Bergman Dacey Goldsmith is a full-service law firm with offices in Los Angeles and Orange Counties conveniently located to our clients’ places of business in Southern California. We serve international business entities, Fortune 500 corporations and their officers, entrepreneurs, and individual clients. Through a diverse caseload, we offer specialty counseling in a broad range of transactional areas including Business, Corporate, Estate Planning, Probate and Trusts, Real Estate Transactions, Real Property Law, Tax, and Technology. We have the proven ability to work cost-effectively to handle transactional matters with the involvement of our veteran attorneys who have in-depth experience across a broad range of legal fields. Each of our Shareholders and Of Counsel attorneys have at least 16 years of experience. We know how to carefully craft or review legal documents; develop effective, practical strategies to achieve clients’ goals; and generate realistic budgets upfront. The unique combination of our experience, expertise, and value-added focus will provide you with exceptional value for your legal dollars. We provide personalized service and exceptional communication and responsiveness by being available to you 24 hours a day, 7 days a week, and have earned our reputation as a ‘no surprises’ law firm.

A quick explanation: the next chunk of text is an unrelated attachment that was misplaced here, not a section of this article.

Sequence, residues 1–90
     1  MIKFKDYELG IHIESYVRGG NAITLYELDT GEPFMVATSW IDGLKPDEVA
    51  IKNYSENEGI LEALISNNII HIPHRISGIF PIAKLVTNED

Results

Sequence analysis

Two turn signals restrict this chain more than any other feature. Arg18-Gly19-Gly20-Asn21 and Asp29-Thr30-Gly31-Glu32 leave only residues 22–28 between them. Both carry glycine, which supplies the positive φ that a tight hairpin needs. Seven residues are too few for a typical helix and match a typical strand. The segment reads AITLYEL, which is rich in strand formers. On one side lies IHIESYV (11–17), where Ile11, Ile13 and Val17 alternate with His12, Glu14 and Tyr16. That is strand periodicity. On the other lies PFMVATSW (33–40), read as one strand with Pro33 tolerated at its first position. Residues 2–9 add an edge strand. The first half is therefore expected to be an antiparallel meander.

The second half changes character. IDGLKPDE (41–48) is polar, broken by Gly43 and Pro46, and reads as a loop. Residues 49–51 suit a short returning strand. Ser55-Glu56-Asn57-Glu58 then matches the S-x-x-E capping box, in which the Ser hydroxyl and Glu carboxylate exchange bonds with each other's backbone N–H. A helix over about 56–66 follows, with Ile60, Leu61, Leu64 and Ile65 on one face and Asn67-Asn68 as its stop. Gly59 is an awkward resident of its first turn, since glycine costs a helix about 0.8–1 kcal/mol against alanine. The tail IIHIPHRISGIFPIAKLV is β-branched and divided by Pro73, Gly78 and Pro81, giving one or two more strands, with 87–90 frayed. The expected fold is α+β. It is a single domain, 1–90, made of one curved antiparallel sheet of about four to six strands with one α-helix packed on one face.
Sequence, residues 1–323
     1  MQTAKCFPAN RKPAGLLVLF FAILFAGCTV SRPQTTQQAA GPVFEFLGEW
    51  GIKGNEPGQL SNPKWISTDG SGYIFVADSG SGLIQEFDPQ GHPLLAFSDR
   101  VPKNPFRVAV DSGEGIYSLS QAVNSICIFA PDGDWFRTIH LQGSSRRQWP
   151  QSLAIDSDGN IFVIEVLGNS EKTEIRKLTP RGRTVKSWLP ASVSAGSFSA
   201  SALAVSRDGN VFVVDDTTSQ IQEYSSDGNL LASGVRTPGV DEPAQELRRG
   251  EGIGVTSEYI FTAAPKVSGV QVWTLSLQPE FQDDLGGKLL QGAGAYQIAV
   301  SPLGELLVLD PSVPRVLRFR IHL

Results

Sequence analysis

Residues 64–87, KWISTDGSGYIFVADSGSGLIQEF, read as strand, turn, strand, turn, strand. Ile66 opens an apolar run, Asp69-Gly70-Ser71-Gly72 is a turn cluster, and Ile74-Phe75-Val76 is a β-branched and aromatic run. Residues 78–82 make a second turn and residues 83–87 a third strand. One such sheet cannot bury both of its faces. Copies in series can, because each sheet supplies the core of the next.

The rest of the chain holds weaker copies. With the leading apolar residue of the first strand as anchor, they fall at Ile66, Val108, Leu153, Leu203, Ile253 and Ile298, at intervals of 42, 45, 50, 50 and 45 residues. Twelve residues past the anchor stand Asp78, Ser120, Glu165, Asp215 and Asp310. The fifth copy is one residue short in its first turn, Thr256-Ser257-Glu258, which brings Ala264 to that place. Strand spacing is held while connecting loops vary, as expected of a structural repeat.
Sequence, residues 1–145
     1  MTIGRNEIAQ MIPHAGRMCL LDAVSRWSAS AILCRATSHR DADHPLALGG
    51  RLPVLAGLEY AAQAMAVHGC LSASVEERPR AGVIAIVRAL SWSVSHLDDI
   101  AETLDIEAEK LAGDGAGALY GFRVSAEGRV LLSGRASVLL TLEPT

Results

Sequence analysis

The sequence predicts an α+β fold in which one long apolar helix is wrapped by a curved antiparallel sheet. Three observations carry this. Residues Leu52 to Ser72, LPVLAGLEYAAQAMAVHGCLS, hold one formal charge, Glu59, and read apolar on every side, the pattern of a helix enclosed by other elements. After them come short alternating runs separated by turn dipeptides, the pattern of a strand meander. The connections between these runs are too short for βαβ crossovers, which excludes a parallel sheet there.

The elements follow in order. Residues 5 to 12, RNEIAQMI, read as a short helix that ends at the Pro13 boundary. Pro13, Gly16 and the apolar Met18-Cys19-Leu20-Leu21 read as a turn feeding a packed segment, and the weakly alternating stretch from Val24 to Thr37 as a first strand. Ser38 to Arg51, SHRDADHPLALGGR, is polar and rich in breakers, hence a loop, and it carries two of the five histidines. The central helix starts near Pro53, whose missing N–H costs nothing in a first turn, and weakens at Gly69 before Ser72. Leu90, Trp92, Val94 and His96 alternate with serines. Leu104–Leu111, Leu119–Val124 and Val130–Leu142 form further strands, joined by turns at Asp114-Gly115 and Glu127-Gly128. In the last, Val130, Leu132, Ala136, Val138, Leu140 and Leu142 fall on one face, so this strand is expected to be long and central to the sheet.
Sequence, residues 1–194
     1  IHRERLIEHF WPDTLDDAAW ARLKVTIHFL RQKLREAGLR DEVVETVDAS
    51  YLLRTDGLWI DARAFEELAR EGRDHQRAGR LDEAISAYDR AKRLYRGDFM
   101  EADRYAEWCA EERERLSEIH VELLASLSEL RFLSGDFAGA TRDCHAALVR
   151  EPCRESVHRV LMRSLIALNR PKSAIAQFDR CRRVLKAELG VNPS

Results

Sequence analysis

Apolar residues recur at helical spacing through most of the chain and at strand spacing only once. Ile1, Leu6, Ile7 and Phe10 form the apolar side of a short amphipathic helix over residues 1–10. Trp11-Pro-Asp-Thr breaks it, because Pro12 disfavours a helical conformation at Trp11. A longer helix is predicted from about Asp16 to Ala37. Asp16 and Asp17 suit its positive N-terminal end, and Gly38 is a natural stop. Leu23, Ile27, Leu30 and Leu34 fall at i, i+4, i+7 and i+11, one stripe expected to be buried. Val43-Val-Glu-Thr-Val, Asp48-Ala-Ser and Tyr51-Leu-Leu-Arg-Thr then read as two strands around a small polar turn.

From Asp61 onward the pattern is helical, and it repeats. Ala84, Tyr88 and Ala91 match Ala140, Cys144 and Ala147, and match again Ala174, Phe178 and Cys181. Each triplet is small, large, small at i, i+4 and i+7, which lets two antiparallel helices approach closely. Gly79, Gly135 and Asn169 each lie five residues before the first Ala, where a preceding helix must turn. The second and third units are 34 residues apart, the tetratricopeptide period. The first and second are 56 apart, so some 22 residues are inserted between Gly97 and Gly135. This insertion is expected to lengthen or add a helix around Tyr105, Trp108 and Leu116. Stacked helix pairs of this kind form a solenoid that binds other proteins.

MBV Law LLP is a results-oriented law firm which has served as trusted business and litigation counsel to companies and entrepreneurs in the San Francisco Bay Area for over 25 years. The firm has a diverse corporate transactional and counseling practice, including entity formation, start-up and venture finance, M&A, real estate, employment, lending transactions and ownership transition. We staff transactions with efficient teams that deliver cost-effective results. In its M&A practice, MBV represents target and acquiring companies in small and larger mergers and acquisitions transactions. We have handled transactions ranging in size from $1 million to $250 million in enterprise value. Our M&A group is highly experienced; most of our highly credentialed attorneys have more than twenty years of professional experience in their designated areas of legal expertise. The Founding Partner of our transactional practice is a also a Certified Public Accountant, having worked on the audit staff of Ernst and Young, and in the tax department of Deloitte and Touche prior to becoming an attorney. Our M&A services include: deal structuring and planning; Letter of Intent negotiation; due diligence; securities compliance; merger and acquisition agreements; earn-outs, and post-transaction resolution. With deep expertise in transactional matters, MBV is dedicated to understanding our clients’ businesses and providing them with strategic and cost-effective legal advice.